I am looking to keep my board orientation cut in the correct order so that the grain I choose for the outside of a box will be as planned/marked.
...snip... Dovetail Jigs for hand held routers
I am interested in the grain orientation aspect of the above thread.
I have the Incra LS Positioner, so the jig setup question is not strictly relevant to my question. I have used the LS once for a small box using box joints
where I used 1/4" Baltic birch plywood (BBP). The BBP grain is relatively plain and uniform and I was focused on simply learning how to use the jig to make the joints, so all I needed to do was avoid the void patches.
However, as I use it more and begin being concerned about grain orientation, I am wondering how to go about maintaining grain orientation. Perhaps this will become self-evident with use, but I am wondering now. With the LS, you can cut boards individually, but typically two or more boards are stacked and cut at the same time. Also, the cuts are made with the boards against the fence and that side of the boards become the reference sides.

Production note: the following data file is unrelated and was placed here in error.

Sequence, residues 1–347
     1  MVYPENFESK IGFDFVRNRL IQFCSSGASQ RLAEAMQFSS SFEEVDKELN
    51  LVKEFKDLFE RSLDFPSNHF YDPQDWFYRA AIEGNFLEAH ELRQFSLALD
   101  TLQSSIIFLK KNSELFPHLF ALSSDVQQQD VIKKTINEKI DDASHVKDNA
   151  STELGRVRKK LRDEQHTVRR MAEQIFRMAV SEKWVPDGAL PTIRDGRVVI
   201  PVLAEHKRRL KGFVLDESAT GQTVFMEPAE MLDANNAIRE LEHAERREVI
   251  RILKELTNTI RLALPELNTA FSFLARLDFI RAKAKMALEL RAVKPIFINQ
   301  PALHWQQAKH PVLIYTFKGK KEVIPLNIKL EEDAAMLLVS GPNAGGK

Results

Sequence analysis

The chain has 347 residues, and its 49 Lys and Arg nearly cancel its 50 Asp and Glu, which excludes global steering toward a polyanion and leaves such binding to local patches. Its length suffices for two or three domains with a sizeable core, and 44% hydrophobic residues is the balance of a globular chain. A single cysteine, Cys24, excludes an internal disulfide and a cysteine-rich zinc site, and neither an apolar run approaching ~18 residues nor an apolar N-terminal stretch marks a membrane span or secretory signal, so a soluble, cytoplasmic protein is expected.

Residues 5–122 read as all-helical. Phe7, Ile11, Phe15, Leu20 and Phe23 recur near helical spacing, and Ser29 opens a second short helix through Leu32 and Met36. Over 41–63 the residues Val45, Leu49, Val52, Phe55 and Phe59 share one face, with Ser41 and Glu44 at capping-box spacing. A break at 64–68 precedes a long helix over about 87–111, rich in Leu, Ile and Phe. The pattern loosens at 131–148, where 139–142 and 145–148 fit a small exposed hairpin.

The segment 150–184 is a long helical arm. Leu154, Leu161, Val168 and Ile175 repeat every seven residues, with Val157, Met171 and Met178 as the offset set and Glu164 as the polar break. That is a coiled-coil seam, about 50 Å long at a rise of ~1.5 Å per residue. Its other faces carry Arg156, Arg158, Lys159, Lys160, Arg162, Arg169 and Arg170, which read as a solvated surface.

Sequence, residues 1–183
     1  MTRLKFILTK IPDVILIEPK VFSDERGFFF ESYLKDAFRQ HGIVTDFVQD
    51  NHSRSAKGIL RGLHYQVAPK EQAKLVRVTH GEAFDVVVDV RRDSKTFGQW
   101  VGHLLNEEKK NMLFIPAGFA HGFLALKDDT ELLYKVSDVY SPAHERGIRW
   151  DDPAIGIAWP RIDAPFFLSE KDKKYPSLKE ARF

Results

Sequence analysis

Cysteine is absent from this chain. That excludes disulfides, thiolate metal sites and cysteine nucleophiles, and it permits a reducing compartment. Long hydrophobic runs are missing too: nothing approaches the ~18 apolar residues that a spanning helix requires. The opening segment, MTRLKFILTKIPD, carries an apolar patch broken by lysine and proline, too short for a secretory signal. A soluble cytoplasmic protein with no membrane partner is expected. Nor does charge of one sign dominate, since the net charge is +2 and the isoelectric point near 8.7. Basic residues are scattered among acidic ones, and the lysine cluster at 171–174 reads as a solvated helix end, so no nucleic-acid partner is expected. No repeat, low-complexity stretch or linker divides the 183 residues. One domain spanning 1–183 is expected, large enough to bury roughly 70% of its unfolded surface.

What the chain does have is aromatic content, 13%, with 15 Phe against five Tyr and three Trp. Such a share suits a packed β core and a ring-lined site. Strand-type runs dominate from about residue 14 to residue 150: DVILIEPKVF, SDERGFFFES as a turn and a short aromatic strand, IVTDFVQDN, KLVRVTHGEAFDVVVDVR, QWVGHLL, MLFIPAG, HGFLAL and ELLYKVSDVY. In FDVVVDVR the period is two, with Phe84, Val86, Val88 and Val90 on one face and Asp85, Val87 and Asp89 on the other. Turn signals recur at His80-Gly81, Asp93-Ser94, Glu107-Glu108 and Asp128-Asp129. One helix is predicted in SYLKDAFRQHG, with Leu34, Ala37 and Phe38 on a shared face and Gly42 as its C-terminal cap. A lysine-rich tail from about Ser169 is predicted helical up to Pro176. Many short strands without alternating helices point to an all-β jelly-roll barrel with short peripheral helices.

For box joints and possibly through dovetails, my first guess is that outside grain surfaces should be facing away from each other. Once the first sides are cut, the pieces are rotated 180º to put the ends that were up, down on the table. This places the "reference" edges on the outside, away from the fence, so it seems to me that the boards need to be rotated another 180º (in a different plane) to put the reference edge against the fence. As said, this seems like it works for box joints and through dovetails. For half-blind dovetails, it seems that does not work, unless the boards are so perfectly centered that the edges will match.
With the regular jigs (like the one in the referenced thread), there are what amount to two "reference" surfaces, the little "side fence" on the right and on the left so when the pair of boards are rotated 180º, the reference surface (edge) of each board is maintained against one of the fences. With the LS system, the only way to accomplish this is if one of the two boards were to be fed into the cutter from the opposite direction, which I'm assuming is not a good idea. Short of doing it this way, my sense is one just has to deal with any mismatch of the reference edges by sanding or other means of making them even.